By Doug Pifer
For the past five years, every time it stormed we worried that a big limb would break off our beloved old Kentucky coffee tree and destroy our entryway fence. Now our property is safe from that disaster, and a magnificent old tree remains as wildlife habitat.
I invited Erik Berndt, certified arborist and owner of Viking Tree Service, LLC, to inspect the nearly dead tree. My wife and I wanted to save as many main branches as possible while minimizing the risk of damage by falling wood. He agreed our tree was an excellent candidate for trimming as a wildlife habitat tree. He encouraged me to look at some of the standing dead trees at Morgan’s Grove Park, which his company cares for, to see examples of his work. We were impressed when we examined several standing dead trees there. Each was trimmed to look like a natural dead snag in the woods. After years of cringing whenever we saw a big shade tree with branches crudely lopped off, we were overjoyed to find a company willing to trim our tree the way we wanted. We were also delighted to find a tree service that considers a wildlife habitat tree an actual “thing.”
The Viking Tree crew showed up at the appointed time with an impressive array of equipment and machinery. With block and tackle they ascended the main trunk and carefully removed the outer branches. When they encountered a heavy limb whose weight would stress the tree in a storm, they removed it with surgical precision. But they didn’t stop there. They made a series of V-shaped cuts at the top of each large limb to allow moisture to enter the dead wood, so the tree decays from the top down. This allows the main trunk to remain sound and stand for many years. Furthermore, cuts carefully made at various angles made the limbs look like they splintered and broke off naturally.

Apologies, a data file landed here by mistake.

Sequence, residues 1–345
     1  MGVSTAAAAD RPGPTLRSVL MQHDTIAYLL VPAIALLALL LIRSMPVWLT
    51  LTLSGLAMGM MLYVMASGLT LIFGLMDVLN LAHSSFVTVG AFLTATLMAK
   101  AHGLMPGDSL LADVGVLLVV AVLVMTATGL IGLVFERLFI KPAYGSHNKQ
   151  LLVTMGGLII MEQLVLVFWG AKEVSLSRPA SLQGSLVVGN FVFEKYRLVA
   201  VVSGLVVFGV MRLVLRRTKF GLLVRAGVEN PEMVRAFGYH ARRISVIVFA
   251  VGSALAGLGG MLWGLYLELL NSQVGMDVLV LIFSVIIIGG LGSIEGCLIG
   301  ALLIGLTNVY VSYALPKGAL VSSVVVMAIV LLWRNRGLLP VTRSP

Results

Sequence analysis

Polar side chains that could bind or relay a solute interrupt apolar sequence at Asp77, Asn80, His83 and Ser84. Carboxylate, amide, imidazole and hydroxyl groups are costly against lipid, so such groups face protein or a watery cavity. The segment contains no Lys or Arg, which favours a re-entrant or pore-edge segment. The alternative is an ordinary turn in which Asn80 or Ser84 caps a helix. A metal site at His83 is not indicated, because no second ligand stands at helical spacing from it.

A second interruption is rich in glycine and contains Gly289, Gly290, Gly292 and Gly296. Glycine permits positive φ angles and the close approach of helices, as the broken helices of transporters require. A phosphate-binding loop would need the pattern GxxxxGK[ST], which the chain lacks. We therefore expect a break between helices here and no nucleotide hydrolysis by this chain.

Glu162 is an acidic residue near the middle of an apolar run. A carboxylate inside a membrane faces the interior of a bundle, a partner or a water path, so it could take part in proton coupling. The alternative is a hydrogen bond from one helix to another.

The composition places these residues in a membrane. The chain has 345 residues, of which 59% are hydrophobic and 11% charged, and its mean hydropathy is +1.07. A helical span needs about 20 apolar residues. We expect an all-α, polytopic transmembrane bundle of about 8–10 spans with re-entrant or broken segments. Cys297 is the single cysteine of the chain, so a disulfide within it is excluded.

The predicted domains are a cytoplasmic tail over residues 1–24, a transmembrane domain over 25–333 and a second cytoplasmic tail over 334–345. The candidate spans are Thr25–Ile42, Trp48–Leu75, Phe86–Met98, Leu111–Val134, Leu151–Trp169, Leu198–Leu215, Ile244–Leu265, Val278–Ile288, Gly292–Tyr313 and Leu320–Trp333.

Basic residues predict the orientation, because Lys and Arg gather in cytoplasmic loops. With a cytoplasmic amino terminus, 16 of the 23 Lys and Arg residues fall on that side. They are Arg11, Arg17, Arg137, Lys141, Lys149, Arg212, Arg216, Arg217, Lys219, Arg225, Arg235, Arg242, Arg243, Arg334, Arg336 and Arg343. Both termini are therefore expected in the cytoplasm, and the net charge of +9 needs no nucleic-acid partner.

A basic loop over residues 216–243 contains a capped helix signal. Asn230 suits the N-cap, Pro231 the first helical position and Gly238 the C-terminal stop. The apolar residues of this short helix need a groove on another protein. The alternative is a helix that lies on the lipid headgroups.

For hard-to-reach limbs, a large lift was necessary. Each cut made the tree look safer and less likely to drop a branch to crush our fence or garden shed.
By 4pm the crew had completed the finishing touches, and I admired the balanced, sculptural quality of the tree and its remaining branches. It was a piece of art.
While it’s now official, this tree had already been wildlife habitat for a long time. Several trunks have woodpecker holes in them. The lowest branch sprouts a tuft of stunted Kentucky coffee tree leaves. Years ago, a bird dropped a seed of bush honeysuckle into the crotch between two main trunks about ten feet up. The seed has grown into a sizeable bush. More bits of green include poison ivy and Virginia creeper vines, and a young Kentucky coffee tree shoot that has sprouted next to the trunk, growing from the original
A tree is home to an amazing amount of life. As it matures and declines, it hosts an increasing number of organisms — from mold and bacteria to algae and fungi, to insects and spiders to woodpeckers and raccoons. Fallen limbs continue to feed and shelter numerous life forms as they decompose and enrich the soil.
For an old tree, dying isn’t an occurrence but more of a gradual transformation. Our Kentucky coffee tree demonstrates how a treasured old tree need not be destroyed. It can stand for many years as wildlife habitat.